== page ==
had again is often the period basically about now from april through about giuly that's when they have their litters and i mean it's sometimes hard to come with enough protein to raise five or six little coyote pups occasionally a cat or a small dog will be taken away but usually what happens with cats small dogs that coyotes attack a man they just leave him there an i've told people for for most of this year i mean from my own experience 'cause i've lived in the urban wildland interface for almost all my adult life out in the countryside away from town whenever you find your cat that's probably a coyote and it's attack the cat because it thinks it's a competitor and it attacks it kills it leaves if the animal disappears if your cat disappears and you never see it again either it's happened in the time when
provisioning pups or if it happens in the fall or the winner or the early spring and your cat totally disappears i probably will great horned owl that got your can i mean owls plot cats and take them to their rustan devour them and so your cat it appears that you never see it again but what almost everybody does now that we know we've got coyotes is coyotes howling in the hills the name i had a cat disappear of course it was coyote coyote got it yet but it might not be i would say in a pretty sizable percentage of cases it was actually a great horned owl that got the cat and not a coyote is a great video that i found online that i put on my instagram of an owl snatching some other raptor right out of its now have you ever seen it i haven't seen it but it's someone had like a trail cam video up a black and white
trail cam you see the owl flying in an occurrence this you see the eyes and then you see and the other bird in the nest doesn't even know what happened it have watch this it happened so fast so what first of all you know what kind of animal that is that with that bird is can you tell looking at it looks like a hawk of some comments below the ice fledgling that's it and the the other ones like what happened yeah what's on yeah that's a high talk of some kind maybe a red tail and the fledgling to salute the eyes in the distance are amazing look these i sneaking up look at this here comes whole yeah it's so fun that we think of that thing is all the wise old owl give a hoot don't pollute meanwhile those mother fuckers are as evil as it gets well they're definitely major predators and they you know the stories about them in new mexico i mean friends who are sitting out at an out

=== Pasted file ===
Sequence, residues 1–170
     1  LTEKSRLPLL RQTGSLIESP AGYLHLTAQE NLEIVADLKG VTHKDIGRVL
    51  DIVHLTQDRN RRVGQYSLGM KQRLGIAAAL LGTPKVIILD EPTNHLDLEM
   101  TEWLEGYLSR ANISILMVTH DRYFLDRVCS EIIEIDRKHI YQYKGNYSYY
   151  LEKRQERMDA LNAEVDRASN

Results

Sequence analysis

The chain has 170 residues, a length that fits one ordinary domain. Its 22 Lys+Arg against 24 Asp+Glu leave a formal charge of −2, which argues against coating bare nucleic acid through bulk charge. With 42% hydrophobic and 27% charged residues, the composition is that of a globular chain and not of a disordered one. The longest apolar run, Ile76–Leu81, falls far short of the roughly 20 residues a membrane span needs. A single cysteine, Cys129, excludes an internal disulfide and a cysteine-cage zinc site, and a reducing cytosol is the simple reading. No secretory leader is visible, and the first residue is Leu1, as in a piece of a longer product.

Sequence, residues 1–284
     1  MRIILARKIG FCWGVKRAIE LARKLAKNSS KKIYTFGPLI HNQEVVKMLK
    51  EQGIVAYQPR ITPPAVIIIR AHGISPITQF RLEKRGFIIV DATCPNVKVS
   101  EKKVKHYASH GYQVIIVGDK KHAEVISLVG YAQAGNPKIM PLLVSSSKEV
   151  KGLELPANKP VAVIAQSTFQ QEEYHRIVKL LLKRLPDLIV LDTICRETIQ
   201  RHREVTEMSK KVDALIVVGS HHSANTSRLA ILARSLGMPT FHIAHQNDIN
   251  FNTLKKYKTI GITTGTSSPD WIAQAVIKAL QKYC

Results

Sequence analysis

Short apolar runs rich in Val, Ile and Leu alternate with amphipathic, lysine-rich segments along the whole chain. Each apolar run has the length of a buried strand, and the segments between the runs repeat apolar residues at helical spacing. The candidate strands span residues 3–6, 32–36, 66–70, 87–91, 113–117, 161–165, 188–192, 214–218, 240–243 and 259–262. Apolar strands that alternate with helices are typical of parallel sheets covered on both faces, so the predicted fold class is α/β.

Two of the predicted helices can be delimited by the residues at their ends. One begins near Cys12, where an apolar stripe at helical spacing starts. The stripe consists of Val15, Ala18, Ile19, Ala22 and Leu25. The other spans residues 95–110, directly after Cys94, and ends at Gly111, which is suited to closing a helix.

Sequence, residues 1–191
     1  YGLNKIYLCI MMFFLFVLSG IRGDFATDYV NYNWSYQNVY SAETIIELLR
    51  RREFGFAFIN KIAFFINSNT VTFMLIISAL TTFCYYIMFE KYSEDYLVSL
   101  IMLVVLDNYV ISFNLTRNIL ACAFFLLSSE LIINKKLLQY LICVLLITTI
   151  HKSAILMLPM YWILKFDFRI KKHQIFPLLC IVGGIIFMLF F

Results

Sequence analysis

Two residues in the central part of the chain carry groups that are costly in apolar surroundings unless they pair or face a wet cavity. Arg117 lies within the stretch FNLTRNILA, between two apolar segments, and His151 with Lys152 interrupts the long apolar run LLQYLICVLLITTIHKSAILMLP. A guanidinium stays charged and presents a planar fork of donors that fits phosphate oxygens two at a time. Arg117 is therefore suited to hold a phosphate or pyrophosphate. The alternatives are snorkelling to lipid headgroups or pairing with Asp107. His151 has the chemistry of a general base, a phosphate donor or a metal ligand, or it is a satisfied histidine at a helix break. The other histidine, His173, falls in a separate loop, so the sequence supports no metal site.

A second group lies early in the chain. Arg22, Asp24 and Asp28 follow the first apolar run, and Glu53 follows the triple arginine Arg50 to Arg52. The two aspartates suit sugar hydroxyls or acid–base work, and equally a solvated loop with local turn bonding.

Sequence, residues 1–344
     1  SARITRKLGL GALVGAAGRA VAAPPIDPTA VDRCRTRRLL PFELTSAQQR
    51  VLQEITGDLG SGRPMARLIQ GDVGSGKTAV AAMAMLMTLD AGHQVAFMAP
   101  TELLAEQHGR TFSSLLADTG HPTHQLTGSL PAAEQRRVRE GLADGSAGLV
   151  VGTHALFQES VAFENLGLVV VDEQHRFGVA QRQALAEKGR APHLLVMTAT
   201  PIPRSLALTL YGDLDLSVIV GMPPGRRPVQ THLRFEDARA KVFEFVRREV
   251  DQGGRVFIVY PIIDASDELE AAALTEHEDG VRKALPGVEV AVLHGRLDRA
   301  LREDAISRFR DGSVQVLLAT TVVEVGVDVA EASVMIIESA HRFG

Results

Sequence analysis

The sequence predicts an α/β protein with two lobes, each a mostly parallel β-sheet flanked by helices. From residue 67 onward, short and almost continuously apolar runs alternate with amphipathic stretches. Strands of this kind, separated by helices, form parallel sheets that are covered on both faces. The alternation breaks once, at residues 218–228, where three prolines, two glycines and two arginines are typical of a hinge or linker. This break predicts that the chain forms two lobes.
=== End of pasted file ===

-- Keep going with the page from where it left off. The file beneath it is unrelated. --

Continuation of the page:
or bar a couple of years ago with a railing on it it was a late afternoon and a cat was walking along the railing weather sitting there are drinks shoot the shit and all sudden an our comes in and in a flash plucks that cat off the railing in the next thing they say is the owl flying after the cotton wood trees over the creek with this cat dangling from its crowds while they're all sitting there with their drinks poison the air i was driving home one day and i owlfly right above my head and i must have apparent while i was driving it must have got this rabbit somewhere close to an i startled it so it's flying often decided to drop the rabbit so work right in front of me in the highway or in the road is is this serrated rabbit no big rabbit to house in that that was like one of the first years i lived here and i remember thank
and well i gotta read i gotta re calibrate my idea when an owl is getting 'cause it was just torn apart and it was a big rabbit and i saw this i mean it was a big owl too so the whole thing was like whoa this is a predator this isn't just a i know and they and that's the way they killed two that's what they do with cats they have this right then they put a talon basically into their and strip it all the way up there all the way up to their sternum spill their guts out there's a wildlife sanctuary near here and we visited a couple of times and they have owls there and you get to like cm and check them out up close like an animal's been injured and things like that and you just see the talons on those suckers and just move yeah our service yeah it's it's fascinating how we anthropomorphize some of these animals and turn them into these cutie pies you know like or bears or selling coca cola and klondike bars and owls or selling tootsie roll pops we bother just they're out there jack and cats you know